TAG Associate Handbook - Injuries on the Job
TAG Associate Handbook - Injuries on the Job

Injuries on the Job

To be covered by workers' compensation, you must be an employee and be accidentally injured while doing your job. Should you be injured on the job, follow TAG’s procedures for workplace injuries:

  • Notify your client supervisor and your TAG office/supervisor immediately.
  • Obtain the name of the designated medical facility from your TAG supervisor. Providers have been chosen because of the quality of care they provide as well as their familiarity with workers’ compensation requirements. You may jeopardize your benefits if initially treated by any other provider.
  • Complete TAG's Post Accident Report with your TAG supervisor immediately after the accident or as soon as possible depending on medical treatment.
  • TAG’s loss control specialist will contact you to monitor your progress and ensure you are receiving proper treatment and benefits.
  • Contact TAG’s loss control specialist after each medical appointment to provide status reports on your progress.
  • Participate in TAG’s Transitional Duty Program to facilitate your early return to work.
  • We make it a policy to return injured employees back to work, within their current physical capabilities, as soon as the doctor permits.
  • This also allows our injured employees to earn more money than they would receive from workers’ compensation insurance.
  • Please keep in mind, your claim may be denied if you fail to inform your TAG supervisor within 10 days of the injury.

A few considerations to keep in mind if you incur a workplace injury:

You May Not Need an Attorney

States set workers' compensation payouts, so there's not a lot of leeway for you to get more (or less) than deserved. In Kansas, for example, a finger is worth 20 weeks of pay. If your finger is 10% disabled in a workplace accident, you get two (2) weeks of disability. The value system is automatically built into the law, and the doctor(s) decides the severity of an injury.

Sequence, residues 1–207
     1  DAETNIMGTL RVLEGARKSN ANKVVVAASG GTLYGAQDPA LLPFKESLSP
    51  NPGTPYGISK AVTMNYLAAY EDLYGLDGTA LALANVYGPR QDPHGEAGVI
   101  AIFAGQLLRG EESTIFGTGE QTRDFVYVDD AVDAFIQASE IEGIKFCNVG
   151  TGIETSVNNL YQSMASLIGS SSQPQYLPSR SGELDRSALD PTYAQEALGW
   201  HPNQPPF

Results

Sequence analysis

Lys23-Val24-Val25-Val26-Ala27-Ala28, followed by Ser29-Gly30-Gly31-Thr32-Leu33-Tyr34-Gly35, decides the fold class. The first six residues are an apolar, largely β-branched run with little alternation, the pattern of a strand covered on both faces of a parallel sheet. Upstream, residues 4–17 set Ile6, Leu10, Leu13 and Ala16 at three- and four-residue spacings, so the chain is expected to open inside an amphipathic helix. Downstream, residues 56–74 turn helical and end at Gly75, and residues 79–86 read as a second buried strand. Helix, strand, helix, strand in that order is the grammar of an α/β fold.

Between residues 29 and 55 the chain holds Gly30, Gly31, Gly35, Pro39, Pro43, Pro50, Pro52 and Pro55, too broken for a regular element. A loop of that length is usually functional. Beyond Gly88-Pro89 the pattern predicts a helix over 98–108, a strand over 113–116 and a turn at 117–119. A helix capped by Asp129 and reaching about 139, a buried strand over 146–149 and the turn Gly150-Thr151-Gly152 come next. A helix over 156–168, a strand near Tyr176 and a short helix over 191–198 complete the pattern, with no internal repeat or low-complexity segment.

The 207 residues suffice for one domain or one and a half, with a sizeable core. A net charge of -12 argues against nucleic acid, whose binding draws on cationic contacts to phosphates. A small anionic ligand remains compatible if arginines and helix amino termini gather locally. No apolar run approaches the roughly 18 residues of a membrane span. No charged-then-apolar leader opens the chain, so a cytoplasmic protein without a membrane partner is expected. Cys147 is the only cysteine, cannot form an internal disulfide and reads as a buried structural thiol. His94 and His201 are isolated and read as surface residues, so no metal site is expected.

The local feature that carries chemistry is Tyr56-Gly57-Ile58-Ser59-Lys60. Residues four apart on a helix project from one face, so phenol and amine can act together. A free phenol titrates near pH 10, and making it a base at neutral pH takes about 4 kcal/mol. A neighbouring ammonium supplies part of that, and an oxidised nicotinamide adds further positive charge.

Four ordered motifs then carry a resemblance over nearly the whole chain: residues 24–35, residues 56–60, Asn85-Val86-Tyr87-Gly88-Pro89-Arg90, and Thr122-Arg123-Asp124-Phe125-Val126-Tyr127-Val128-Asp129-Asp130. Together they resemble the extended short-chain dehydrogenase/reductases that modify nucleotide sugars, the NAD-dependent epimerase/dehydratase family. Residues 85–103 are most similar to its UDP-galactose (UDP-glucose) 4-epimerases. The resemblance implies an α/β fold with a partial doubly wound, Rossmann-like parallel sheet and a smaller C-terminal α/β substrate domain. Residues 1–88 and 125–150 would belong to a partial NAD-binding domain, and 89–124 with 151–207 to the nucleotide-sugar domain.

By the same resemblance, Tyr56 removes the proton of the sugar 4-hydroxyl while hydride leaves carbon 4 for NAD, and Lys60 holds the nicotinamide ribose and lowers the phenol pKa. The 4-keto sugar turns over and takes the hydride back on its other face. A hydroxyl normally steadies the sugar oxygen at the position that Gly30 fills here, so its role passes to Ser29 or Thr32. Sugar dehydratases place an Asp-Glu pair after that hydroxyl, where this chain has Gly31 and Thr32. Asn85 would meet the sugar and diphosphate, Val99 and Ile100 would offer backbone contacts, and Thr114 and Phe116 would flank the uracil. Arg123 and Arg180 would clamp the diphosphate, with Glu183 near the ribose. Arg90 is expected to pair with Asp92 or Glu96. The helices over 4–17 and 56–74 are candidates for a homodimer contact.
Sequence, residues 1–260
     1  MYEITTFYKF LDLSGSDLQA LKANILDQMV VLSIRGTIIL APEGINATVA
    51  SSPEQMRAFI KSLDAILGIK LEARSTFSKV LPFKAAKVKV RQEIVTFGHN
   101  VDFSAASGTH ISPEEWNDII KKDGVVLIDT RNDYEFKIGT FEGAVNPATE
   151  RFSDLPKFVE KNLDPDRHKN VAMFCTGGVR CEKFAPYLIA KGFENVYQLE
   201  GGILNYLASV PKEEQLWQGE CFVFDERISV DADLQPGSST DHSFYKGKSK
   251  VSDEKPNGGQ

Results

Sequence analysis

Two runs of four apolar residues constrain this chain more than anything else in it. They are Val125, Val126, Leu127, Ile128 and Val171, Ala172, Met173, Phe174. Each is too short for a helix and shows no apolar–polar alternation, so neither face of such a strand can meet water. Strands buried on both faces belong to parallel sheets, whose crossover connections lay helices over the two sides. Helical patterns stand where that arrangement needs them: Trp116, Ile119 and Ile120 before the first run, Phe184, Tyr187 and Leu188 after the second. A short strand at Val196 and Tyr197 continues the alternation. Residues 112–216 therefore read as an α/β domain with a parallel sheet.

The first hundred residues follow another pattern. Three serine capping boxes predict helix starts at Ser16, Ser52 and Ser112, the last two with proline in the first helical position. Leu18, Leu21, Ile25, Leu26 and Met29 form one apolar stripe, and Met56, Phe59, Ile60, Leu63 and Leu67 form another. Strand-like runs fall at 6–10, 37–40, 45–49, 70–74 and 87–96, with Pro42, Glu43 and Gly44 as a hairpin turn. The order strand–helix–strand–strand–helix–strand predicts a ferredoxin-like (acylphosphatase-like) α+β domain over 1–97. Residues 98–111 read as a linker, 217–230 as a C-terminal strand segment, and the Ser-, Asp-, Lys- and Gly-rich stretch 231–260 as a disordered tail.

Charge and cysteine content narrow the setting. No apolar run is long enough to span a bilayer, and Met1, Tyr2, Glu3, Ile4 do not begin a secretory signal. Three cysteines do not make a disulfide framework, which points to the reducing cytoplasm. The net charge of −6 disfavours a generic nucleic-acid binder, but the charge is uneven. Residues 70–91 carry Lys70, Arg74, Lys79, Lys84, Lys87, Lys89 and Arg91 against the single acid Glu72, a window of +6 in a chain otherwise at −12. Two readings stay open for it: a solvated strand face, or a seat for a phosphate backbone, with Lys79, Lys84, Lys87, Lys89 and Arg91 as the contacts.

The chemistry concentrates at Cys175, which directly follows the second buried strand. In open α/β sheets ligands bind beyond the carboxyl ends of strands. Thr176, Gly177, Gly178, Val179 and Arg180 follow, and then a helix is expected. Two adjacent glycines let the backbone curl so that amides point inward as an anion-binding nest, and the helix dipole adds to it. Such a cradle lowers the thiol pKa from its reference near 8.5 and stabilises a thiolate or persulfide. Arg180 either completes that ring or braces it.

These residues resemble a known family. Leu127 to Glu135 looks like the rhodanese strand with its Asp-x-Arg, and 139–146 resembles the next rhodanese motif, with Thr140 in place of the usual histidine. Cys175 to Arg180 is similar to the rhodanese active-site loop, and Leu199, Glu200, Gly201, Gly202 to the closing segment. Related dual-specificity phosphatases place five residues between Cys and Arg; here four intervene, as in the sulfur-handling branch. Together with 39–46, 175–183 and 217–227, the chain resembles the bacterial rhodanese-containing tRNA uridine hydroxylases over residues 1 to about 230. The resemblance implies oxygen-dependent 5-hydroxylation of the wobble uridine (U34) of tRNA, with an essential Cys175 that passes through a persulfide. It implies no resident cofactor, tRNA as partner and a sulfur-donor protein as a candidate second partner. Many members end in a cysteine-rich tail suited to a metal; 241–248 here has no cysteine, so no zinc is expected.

A workers' compensation attorney will take 20-35% of any work comp settlement, so don't hire one unless you think you're being shortchanged over a permanent disability, have a complex claim or were unfairly denied coverage of your medical bills.

Even then, most states, including Kansas, have a workers' compensation ombudsman/claims advisory group who can offer assistant regarding work comp claims.

Big Payouts Are Rare

All states, including Kansas, have pre-established formulas regarding minimum and maximum workers' comp benefits for lost pay. Individual amounts are determined by pre-injury earnings and claim details.

Cheaters Eventually Get Caught

Cheating is so common in workers' compensation that there's a term for it: malingering, and fraud divisions look for it. It may take a while, but chances are pretty good malingers will get caught, and once caught, it can mean jail time.

All suspected fraudulent activity will be investigated and prosecuted to the fullest extent of the law.